Tuesday, 3 October 2017
Prince George's Exhibit Hall D/E (Gaylord National Resort and Convention Center)
Charge storage in electrochemical capacitors has been shown to be via charge separation at the electrode-electrolyte interface (so called electrical double layer charge storage) and via pseudo-capacitance, which is often described as fast redox reactions through the same interface. Charge storage via both of these mechanisms depends heavily on the interaction between the electrode morphology (electrochemically active surface area, pore size distribution, etc.) and the solvated ion in the electrolyte. In this work the interaction between a series of carbon-based substrates and various electrolyte species has been investigated.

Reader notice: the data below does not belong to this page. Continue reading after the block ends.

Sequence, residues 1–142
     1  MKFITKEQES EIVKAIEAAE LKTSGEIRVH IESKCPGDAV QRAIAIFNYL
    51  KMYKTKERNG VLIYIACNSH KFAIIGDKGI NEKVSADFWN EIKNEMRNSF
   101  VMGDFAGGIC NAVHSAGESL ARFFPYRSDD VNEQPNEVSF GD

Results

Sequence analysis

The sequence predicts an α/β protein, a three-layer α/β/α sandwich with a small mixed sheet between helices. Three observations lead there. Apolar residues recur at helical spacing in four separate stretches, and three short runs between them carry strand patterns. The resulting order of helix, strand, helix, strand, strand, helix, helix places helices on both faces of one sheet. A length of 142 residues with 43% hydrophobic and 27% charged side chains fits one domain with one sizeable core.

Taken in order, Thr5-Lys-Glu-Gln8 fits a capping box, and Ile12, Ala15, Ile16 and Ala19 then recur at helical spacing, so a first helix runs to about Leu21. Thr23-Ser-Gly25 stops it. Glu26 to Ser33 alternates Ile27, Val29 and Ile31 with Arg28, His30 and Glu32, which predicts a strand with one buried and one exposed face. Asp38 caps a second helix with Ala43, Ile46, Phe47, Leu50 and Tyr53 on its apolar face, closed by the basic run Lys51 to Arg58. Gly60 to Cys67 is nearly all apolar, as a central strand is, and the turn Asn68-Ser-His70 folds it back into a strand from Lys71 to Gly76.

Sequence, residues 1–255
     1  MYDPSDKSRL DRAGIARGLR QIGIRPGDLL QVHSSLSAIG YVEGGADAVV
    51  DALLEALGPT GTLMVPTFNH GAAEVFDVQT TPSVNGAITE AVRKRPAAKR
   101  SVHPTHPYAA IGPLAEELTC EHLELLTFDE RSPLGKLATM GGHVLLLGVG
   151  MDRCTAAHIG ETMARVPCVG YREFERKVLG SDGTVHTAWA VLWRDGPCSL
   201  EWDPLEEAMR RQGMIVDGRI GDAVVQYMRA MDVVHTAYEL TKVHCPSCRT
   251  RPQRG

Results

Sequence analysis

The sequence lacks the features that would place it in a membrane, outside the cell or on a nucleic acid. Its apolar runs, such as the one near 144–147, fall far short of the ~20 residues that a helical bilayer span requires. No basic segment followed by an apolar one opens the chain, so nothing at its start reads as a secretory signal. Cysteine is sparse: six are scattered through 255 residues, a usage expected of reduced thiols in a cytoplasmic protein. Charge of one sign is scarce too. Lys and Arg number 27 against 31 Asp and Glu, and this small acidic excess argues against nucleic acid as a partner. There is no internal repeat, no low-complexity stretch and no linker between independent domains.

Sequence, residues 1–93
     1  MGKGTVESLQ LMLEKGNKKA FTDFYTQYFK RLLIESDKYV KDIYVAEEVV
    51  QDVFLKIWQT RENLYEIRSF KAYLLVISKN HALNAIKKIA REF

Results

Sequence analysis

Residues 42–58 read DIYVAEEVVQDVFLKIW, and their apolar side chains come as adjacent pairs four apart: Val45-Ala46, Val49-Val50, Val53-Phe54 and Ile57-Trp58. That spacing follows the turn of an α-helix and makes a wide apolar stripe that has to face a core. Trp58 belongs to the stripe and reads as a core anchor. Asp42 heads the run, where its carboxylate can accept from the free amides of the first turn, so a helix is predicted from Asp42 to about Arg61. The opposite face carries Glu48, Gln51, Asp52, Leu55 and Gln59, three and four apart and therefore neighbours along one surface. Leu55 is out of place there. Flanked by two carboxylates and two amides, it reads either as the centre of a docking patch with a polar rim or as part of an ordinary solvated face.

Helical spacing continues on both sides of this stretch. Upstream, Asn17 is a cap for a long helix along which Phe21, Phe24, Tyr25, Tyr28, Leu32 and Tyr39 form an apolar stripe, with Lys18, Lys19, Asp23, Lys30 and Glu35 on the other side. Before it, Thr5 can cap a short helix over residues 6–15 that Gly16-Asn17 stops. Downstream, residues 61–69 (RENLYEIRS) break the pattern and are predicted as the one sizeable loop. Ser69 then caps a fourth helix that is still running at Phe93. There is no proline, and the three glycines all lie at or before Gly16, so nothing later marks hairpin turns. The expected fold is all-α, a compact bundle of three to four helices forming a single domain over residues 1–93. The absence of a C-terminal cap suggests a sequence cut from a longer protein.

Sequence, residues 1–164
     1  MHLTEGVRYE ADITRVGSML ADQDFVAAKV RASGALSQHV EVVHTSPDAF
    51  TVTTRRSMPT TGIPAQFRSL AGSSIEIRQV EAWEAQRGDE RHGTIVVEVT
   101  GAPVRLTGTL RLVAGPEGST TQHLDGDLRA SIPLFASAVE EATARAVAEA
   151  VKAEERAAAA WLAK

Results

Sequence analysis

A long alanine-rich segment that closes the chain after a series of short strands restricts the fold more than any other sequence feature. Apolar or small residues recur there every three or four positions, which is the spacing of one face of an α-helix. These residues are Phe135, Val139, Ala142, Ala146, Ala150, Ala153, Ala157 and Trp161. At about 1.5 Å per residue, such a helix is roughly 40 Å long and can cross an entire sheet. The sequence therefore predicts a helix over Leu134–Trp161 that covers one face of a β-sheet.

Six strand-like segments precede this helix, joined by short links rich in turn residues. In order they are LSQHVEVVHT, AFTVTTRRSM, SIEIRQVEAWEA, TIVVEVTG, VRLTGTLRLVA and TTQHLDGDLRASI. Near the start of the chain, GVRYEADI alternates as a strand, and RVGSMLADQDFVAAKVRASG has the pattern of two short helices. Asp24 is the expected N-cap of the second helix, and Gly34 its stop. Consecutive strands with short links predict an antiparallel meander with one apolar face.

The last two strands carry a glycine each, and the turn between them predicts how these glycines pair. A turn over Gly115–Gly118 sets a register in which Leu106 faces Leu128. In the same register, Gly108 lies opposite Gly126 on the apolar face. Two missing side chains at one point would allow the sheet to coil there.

Electrolytes examined include tetraethylammonium bis(trifluoromethane)sulfonimide (Et4NTFSI), 1-butyl-1-methylpyrrolidinium tetrafluoroborate (PYR14BF4), 1-butyl-1-methylpyrrolidinium bis(trifluoromethanesulfonyl)imide (PYR14TFSI), and tetraethylammonium tetrafluoroborate (Et4NBF4) in acetonitrile. The interaction between these electrolytes and various carbon-based substrates was examined using a combination of cyclic voltammetry (CV) and step potential electrochemical spectroscopy (SPECS). These techniques have enabled differentiation of the charge storage mechanisms based on ion size, solvated ion size and charge density, as well as substrate surface area and porosity.